Circumstantial Evidence Definition and Legal Meaning
On this page, you'll find the legal definition and meaning of Circumstantial Evidence, written in plain English, along with examples of how it is used.
What is Circumstantial Evidence?
It refers to the fact and evidence which is not by the eyewitness but which indirectly gives a proof that a person is guilty or not. It is a fact derived out of certain situation before, during and after the crime from surroundings indicating to a fact or evidence.For instance – a phone call before the murder, footprints at the location of crime etc.
History and Meaning of Circumstantial Evidence
Circumstantial evidence refers to the proof that is not based on personal observation or direct knowledge of a fact in issue. The circumstances in connection with the particular case support the inference of the fact sought to be proved. It is gathered through observation of different pieces of information that, when put together, lead to a logical conclusion. Historical use of such evidence has and continues to serve as pieces of evidence that influence and corroborate evidence that is harder to obtain.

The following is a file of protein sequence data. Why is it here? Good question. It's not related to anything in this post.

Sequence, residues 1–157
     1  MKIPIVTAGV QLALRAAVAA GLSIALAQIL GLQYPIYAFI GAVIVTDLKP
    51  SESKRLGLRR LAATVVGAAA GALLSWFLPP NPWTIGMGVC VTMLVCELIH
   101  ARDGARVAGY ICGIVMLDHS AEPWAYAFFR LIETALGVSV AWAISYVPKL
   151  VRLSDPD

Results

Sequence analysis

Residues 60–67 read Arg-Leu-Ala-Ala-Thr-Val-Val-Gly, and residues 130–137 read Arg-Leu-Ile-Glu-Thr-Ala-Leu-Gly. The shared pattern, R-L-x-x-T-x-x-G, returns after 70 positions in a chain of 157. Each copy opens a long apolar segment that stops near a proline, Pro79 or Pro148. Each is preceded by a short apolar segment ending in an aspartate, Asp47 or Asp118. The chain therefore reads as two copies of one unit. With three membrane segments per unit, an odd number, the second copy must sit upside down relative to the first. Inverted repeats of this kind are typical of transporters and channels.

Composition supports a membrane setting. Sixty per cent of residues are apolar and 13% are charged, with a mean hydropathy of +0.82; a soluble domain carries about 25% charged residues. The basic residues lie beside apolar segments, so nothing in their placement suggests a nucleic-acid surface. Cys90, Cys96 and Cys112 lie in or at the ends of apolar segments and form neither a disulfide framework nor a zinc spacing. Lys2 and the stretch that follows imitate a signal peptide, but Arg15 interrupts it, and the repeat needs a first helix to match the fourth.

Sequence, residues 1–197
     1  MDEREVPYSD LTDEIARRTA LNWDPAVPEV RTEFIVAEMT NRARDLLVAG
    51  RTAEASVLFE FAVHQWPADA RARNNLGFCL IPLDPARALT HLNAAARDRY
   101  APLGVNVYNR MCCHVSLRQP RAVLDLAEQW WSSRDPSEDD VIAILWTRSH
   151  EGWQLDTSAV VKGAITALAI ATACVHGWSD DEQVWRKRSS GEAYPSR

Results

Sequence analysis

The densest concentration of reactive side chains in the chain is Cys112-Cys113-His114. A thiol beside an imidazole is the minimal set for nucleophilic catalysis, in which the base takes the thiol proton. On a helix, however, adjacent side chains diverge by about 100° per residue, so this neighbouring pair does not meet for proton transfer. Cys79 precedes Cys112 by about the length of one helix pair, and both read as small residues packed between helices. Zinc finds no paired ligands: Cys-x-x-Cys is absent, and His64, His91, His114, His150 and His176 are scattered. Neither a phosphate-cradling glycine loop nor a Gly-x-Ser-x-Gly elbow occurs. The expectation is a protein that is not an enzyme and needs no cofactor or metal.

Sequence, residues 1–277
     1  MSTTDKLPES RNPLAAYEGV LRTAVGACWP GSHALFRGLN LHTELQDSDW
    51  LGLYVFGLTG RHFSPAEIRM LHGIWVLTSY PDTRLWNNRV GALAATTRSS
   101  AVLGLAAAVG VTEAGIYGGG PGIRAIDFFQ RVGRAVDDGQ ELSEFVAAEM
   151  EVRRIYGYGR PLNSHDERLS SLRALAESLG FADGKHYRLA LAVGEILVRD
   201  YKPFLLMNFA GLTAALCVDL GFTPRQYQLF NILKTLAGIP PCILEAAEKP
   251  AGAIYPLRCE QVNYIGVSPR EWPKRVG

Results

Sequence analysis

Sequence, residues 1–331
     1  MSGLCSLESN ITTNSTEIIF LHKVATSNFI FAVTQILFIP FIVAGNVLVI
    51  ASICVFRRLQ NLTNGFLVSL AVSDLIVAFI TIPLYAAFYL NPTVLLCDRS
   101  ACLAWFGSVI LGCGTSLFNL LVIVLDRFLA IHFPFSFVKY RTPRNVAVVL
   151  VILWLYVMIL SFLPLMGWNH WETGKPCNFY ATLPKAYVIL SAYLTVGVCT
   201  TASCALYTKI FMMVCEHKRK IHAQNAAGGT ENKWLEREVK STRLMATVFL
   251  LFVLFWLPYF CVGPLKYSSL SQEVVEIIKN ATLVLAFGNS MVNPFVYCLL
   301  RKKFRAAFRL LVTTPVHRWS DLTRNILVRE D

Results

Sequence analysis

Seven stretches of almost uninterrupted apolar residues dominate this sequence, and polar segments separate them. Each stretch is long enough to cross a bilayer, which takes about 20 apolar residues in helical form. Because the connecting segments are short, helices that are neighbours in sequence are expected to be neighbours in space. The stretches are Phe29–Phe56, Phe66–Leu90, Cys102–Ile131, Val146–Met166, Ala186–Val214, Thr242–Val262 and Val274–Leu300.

Examples of Circumstantial Evidence
- A person's clothing is covered in blood, and the victim was stabbed to death.
- A person's fingerprints are found at the scene of a burglary, and no one else has a key.
- A suspect is seen running from the scene with a gun and later found with a gun's residue on their hands.
- The defendant was near the location of the robbery and had a similar appearance to the rough facial hair described by the victim.
Legal Terms Similar to Circumstantial Evidence
- Hearsay: Evidence presented by a witness not based on that witness’ personal knowledge but rather on what someone else said.
- Direct evidence: Evidence that if believed proves the existence of a particular fact.
- Prima Facie: Evidence that is sufficient to establish a fact, unless rebutted.